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Japan and the League of NationsEmpire and World Order, 1914-1938$
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Thomas W. Burkman

Print publication date: 2007

Print ISBN-13: 9780824829827

Published to Hawaii Scholarship Online: November 2016

DOI: 10.21313/hawaii/9780824829827.001.0001

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The Idea of a League

The Idea of a League

Chapter:
(p.29) 2 The Idea of a League
Source:
Japan and the League of Nations
Author(s):

Thomas W. Burkman

Publisher:
University of Hawai'i Press
DOI:10.21313/hawaii/9780824829827.003.0002

This chapter provides a background of the idea of a League of Nations. The League of Nations movement in the West was initiated by the dream of lasting peace and the realization that international law was unenforceable by any mechanism then in existence. The League idea then entered Anglo-American diplomatic correspondence as early as September 1914. Within a year, the term “League of Nations” was in general use by the newly founded League to Enforce Peace (LEP) in the United States and the League of Nations Society in Britain. The earliest foreign effort to promote Japanese interest in the League of Nations came in 1916 from the United States through the private auspices of the League to Enforce Peace.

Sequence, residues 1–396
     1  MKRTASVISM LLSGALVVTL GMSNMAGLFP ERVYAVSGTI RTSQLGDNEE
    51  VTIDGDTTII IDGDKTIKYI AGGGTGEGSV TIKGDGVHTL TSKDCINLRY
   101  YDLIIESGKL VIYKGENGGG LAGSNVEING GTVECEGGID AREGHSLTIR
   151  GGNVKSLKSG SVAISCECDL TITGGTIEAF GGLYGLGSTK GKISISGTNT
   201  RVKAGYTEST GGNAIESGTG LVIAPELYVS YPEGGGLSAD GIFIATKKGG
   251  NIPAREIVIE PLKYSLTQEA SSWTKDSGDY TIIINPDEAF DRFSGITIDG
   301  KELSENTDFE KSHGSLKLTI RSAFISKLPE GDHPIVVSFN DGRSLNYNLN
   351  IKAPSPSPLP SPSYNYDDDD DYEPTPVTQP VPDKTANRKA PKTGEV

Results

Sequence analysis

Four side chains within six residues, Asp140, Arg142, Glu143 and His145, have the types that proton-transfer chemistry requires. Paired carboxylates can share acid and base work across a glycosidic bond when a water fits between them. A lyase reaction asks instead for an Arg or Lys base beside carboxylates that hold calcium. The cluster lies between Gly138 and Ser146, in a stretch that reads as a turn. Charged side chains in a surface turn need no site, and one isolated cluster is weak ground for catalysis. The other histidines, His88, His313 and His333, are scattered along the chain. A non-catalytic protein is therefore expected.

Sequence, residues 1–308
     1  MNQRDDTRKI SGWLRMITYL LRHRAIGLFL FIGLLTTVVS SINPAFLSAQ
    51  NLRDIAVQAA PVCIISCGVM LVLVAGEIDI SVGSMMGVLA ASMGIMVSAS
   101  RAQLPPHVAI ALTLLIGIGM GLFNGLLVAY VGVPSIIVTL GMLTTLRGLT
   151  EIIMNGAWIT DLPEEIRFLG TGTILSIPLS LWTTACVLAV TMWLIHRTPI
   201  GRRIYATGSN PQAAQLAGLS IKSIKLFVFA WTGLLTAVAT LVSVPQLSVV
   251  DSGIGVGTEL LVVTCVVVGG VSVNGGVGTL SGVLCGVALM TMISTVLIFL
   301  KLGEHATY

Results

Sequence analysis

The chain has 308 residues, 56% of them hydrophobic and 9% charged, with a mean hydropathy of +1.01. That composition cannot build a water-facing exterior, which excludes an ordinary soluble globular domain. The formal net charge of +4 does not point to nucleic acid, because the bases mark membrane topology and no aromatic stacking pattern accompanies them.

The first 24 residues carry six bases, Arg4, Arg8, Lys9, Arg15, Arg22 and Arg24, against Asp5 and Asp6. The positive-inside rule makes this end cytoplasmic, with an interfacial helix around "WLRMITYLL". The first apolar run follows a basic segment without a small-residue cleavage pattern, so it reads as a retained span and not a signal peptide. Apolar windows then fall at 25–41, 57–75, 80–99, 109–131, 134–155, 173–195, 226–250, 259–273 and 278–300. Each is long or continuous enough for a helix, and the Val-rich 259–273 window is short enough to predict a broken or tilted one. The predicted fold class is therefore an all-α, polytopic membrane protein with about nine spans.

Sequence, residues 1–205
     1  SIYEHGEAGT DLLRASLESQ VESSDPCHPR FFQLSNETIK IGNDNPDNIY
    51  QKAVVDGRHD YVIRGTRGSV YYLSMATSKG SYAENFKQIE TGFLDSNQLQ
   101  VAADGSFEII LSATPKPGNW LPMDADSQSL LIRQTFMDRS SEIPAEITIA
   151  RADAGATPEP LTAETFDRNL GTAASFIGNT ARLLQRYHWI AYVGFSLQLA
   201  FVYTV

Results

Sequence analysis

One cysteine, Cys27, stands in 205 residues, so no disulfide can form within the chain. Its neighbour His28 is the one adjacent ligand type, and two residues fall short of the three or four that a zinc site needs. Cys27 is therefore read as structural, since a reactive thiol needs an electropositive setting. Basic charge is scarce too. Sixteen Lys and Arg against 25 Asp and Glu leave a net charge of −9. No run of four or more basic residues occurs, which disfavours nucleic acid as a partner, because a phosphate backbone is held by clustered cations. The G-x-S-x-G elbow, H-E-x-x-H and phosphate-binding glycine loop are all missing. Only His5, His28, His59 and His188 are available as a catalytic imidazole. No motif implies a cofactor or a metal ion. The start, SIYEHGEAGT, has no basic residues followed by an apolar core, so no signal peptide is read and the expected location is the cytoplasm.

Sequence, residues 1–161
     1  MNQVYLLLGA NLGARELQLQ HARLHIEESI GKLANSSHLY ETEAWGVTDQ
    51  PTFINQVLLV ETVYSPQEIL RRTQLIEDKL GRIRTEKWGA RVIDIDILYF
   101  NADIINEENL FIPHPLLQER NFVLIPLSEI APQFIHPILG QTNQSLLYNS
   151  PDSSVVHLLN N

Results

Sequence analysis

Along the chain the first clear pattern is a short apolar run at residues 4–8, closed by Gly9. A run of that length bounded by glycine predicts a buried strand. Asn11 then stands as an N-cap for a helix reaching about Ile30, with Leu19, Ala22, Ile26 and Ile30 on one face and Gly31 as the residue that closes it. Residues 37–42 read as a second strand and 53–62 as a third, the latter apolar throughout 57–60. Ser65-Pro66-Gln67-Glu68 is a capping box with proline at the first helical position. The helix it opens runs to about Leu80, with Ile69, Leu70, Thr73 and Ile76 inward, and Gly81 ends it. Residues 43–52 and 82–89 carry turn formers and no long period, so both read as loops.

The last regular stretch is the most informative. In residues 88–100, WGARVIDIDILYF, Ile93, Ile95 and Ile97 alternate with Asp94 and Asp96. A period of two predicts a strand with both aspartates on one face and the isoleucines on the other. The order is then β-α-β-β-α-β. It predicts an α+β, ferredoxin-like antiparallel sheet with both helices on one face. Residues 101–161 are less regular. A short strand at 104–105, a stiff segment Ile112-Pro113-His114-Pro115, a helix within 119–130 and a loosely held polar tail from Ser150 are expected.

Keywords:   League of Nations, international law, Anglo-American diplomacy, League to Enforce Peace, League of Nations Society

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